What is Yoga?

Most of us (in America) think of yoga as a physical practice; another form of exercise.  To a small degree, it is a physical exercise. 

Before delving into what yoga is, let’s start with the translation of yoga.  Yoga is derived from the Sanskrit root “yuj” which means to yoke/to join/union.  Taking this into true translation, yoga means joining the spirit of the Individual Soul (Atman) with the Universal Soul (Brahman). 

In everyday American terms, yoga can be looked at as a process of getting to know “who we really are”, how we relate to those around us and how we are connected on and to this earth.  In yogic terms, yoga embraces a wide range of disciplines all aimed towards creating union among an indiviudal’s body, mind and spirit and a connection with the individual’s external world.  The major disciplines/paths of yoga are:

  • Raja Yoga (path of meditation –i.e. 8 limbs as defined by Pantanjali)
  • Karma Yoga (path of service/action –i.e. volunteer work, recycling)
  • Bhakti Yoga (path of devotion – i.e. finding tolerance for everyone)
  • Jnana Yoga (path of wisdom –i.e. study of yoga texts, scriptures)
  • Tantra Yoga (path of ritual –i.e. ceremonies, celebrations, celibacy)
  • Mantra Yoga (path of transformative sound –i.e. chanting)
  • Hatha Yoga (path of physical cultivation –i.e. Iyengar, Kundalini, Bikram, Ashtanga, Power)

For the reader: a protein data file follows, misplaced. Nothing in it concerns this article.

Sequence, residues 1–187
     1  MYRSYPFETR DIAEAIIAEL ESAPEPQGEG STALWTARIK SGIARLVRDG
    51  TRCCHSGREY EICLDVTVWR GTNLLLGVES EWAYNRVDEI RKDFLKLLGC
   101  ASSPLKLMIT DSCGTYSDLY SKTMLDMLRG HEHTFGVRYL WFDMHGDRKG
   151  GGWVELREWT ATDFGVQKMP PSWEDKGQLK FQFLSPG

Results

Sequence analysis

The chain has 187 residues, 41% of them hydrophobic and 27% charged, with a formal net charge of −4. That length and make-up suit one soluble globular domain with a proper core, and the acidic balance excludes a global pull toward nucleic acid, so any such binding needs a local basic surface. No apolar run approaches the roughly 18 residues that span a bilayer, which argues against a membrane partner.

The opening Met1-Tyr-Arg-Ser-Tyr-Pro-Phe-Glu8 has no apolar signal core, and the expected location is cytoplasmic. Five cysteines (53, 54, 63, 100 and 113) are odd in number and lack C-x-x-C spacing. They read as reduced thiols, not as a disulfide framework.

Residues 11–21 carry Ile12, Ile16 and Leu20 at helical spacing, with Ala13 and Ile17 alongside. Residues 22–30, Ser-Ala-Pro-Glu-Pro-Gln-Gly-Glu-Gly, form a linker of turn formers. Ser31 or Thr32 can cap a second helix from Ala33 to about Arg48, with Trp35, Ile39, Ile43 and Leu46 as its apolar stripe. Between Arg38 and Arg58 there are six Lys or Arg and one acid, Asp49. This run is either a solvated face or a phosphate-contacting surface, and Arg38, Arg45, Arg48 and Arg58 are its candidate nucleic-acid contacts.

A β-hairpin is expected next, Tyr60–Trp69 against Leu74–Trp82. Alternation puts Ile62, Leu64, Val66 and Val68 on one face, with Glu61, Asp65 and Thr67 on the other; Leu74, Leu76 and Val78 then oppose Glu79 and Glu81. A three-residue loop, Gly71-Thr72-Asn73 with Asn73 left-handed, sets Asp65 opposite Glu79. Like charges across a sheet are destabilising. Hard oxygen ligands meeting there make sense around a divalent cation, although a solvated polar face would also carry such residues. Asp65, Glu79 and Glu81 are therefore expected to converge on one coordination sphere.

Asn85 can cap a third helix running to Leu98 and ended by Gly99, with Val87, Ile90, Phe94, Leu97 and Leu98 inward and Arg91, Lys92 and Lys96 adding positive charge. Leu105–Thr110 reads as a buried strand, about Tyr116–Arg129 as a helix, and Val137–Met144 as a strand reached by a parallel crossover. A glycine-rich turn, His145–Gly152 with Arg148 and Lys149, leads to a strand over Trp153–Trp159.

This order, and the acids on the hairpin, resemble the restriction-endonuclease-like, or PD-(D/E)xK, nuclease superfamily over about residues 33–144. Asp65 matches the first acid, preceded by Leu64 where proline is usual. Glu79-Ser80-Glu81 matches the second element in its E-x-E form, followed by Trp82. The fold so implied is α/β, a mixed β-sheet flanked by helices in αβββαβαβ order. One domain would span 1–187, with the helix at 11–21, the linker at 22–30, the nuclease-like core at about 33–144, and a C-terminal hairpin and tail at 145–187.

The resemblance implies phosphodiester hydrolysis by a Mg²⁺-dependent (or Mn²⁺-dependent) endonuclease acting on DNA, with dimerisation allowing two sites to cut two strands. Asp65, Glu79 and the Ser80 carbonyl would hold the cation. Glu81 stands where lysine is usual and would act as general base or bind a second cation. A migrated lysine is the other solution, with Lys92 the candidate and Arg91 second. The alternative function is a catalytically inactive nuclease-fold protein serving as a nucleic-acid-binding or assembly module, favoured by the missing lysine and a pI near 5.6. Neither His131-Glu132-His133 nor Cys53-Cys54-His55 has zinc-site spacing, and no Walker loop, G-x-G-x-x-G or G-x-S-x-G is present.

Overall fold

One can select to follow just one of the above paths or a combination.  From a yogic veiwpoint, there’s no right or wrong way to find connection with one’s self and the external world.  What is required is consistency in whichever path you opt to pracitce.

When incorporated into our daily lives, even in tiny doses, yoga offers us multiple benefits. In our task-filled, busy days, a simple 10 minutues of yoga can lead to energizing our bodies, calming our minds and awakening our spirits.

So what is yoga?  In the Western world, the most popular form is hatha yoga (and raja yoga) which is a style of yoga that focuses on exploring the physical body and using it as a means to attaining spiritual perfection.  Raja and hatha yoga go hand-in-hand depending on the teacher and style of hatha yoga practiced.  Simply put, in order to reach spiritual and mental benefits, the physical body needs to be unclogged.  This leads into another blog entry.

Yoga is consistency.  It’s a practice.  The more you return to your practice (whichever yoga path you select), the more receptive your body will become to the asanas, the more open your mind will become and the more connected you will start to feel to the universe. 

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2 responses to this post.

  1. not only in america honey. over here in asia, yoga has become so commercialized that most of us equate yoga with asanas. many practice yoga to lose weight. they don’t really care about the spiritual part, which ironically is probably the most important aspect of yoga 🙂

    Reply

  2. […] popular writing because I also blogged on the thought “what is yoga?” back in 2007 too (read it here).  The 3rd time is a charm, […]

    Reply

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